Due to the large quantity of IP fluid samples, some samples needed to be stored on ice for several hours before analysis. Some of them were tested immediately after harvesting and again after being stored for 6 hours. A mean change of + 0.1 mmol/L (SD 0.1 mmol/L) was observed.

Data processing

The open source devices LimiTTer (LimiTTer by JoernL @ GitHub) were used to relay the data transmitted by the FreeStyle Libre sensors to tablet computers running the open source Android application xDrip (xDrip by stephenblackwasalreadytaken @ GitHub). The LimiTTers were customised to read the FreeStyle Libre sensors approximately every 22 seconds, however, the FreeStyle Libre sensors only update the transmitted glucose values in one-minute intervals. The xDrip app was not customised and was only used to store the transmitted glucose values for later processing and to display the received data in order to supply a mean of monitoring the function of the set-up [22].

The raw data from the FreeStyle Libre sensors was denoised using a median filter with a window size of 5 samples, i.e. circa 130 seconds to remove single outliers. The thickness of the abdominal wall caused some transmission noise, and the communication protocol of the LimiTTer was not flawless. The Kalman smoothing method by Staal et al. was then applied to the median-filtered glucose measurements producing interpolated series with a sampling rate of 1 s [26]. The smoother also removes outliers. Fig 3 illustrates how the raw measurements are affected by these methods for denoising and smoothing. Table 2 summarises the setting and tuning parameters.

Fig 3. Example of raw data and Kalman smoothed data.

The figure shows data from the entire experiment from the cranial left IP sensor in pig 12. The blue points represent raw data read by the LimiTTer, the red solid line represents the Kalman smoothed data and the dashed line represents ± 1 standard deviation of the Kalman smoothed curve. The black stars (*) represent the IA glucose samples and the green stars (*) represent the IP glucose samples of the cranial left IP location. The glucose infusions are seen as solid lines at the bottom part of the graphics.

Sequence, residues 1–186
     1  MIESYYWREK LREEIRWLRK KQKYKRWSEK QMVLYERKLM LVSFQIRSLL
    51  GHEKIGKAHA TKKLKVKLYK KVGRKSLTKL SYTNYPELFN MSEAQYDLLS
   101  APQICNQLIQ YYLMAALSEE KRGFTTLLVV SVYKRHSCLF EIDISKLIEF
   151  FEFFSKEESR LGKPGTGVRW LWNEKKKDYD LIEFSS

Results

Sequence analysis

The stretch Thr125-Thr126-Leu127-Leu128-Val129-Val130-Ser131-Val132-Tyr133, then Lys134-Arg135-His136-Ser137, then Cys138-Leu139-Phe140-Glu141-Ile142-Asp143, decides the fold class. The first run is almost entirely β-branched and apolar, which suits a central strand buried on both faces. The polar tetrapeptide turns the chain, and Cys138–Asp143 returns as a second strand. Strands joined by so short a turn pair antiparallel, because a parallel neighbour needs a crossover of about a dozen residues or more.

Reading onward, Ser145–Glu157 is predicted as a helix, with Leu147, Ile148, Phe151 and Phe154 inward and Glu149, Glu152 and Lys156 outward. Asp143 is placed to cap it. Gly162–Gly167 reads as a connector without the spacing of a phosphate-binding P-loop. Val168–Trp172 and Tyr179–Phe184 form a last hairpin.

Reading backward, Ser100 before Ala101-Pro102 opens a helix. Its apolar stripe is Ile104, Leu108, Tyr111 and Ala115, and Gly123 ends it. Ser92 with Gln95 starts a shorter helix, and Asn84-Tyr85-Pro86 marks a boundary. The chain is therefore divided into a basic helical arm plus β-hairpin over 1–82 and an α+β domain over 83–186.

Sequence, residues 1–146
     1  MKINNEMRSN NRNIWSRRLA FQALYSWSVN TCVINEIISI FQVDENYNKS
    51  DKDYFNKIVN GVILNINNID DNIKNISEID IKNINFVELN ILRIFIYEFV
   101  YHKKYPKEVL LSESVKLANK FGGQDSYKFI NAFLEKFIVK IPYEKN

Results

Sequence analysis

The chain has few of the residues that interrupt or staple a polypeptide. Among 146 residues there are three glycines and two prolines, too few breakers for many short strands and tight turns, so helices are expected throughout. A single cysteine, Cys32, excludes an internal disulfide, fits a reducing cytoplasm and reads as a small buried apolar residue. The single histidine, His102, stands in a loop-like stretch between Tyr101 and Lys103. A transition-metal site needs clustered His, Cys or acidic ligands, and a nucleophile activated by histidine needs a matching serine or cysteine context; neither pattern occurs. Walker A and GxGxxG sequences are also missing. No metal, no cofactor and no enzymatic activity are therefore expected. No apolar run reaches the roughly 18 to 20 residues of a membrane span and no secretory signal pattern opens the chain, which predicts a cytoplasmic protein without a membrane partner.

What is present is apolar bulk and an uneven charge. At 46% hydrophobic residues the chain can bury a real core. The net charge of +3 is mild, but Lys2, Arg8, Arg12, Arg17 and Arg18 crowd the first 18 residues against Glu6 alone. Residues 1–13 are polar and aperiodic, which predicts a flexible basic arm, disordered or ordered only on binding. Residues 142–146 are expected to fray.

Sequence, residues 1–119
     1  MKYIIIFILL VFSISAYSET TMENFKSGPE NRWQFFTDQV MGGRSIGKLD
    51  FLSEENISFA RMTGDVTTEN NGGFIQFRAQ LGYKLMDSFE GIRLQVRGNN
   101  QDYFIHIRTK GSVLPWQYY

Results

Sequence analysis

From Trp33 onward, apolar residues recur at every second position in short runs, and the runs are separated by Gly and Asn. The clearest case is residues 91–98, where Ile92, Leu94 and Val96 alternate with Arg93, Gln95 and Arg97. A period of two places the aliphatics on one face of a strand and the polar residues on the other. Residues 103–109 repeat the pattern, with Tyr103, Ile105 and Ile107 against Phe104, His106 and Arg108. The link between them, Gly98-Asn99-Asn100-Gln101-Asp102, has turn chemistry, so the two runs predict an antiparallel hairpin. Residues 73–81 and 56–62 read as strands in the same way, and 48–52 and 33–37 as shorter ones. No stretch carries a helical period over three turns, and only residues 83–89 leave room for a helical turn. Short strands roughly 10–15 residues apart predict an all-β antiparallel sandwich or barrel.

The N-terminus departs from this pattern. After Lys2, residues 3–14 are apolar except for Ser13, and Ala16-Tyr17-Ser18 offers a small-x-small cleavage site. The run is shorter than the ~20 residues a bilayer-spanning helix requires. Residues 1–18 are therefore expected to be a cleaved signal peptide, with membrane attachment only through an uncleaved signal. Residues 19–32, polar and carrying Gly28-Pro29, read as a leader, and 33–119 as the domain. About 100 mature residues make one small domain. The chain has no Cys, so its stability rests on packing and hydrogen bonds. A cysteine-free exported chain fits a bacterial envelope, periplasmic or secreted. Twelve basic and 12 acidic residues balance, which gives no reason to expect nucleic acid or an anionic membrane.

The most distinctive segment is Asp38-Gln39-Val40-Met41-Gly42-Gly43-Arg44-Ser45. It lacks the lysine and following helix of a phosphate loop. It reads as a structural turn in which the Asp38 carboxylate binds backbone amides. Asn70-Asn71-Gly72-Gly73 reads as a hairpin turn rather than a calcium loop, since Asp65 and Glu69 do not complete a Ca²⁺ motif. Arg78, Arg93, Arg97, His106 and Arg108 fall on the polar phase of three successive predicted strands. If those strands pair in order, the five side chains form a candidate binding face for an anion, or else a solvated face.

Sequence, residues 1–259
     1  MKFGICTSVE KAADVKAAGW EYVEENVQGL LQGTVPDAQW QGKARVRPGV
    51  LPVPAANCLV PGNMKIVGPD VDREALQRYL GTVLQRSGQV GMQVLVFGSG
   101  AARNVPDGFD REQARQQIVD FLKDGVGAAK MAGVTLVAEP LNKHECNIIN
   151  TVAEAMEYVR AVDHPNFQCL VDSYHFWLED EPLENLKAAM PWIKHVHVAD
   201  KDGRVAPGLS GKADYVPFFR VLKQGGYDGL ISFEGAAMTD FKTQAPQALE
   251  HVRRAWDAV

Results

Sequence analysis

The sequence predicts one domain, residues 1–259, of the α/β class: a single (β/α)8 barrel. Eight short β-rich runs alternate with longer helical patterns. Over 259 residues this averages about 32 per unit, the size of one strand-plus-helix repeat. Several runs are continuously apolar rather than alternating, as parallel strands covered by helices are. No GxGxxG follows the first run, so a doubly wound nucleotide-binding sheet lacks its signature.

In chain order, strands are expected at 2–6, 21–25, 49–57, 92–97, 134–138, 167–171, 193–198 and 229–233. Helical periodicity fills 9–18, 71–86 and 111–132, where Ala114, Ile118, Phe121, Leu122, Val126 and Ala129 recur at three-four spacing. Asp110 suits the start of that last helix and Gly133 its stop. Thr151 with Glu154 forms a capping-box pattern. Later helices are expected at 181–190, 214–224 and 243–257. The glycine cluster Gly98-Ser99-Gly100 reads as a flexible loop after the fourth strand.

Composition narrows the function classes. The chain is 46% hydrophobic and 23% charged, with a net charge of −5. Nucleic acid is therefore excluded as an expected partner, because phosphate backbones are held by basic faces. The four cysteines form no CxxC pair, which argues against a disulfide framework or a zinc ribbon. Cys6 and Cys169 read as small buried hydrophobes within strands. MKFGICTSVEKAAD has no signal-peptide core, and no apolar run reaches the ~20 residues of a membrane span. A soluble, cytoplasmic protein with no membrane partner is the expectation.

Table 2. Settings and tuning parameters used for Kalman smoothing of FreeStyle Libre data [26].

Intra-arterial blood glucose analysis was performed manually in intervals ranging from 30 seconds to 10 minutes during the glucose infusions, and therefore less frequently than the FreeStyle Libre data. Equally distributed sampling intervals were necessary in order to use the data for system identification. Thus, blood glucose values were processed by a shape-preserving piecewise cubic interpolation to get the same sampling intervals as for the FreeStyle Libre data.

Model identification.

As described above, continuous glucose sensors were placed in the IP cavity and the SC tissue. The dynamics between the intra-arterial glucose concentrations (GIA) and the sensed glucose concentrations are described by a two-compartment model [22]: (1) with the sensor glucose concentration Gsens, the intra-arterial glucose concentration GIA, the time constant τ, the time delay Θ, and the model gain K. The intra-arterial glucose concentration was obtained from arterial blood samples. The sensor glucose concentration is measured by the FreeStyle Libre sensors. Thus, the modelled dynamics include both the physiological dynamics from blood to the sensor site and the internal sensor dynamics.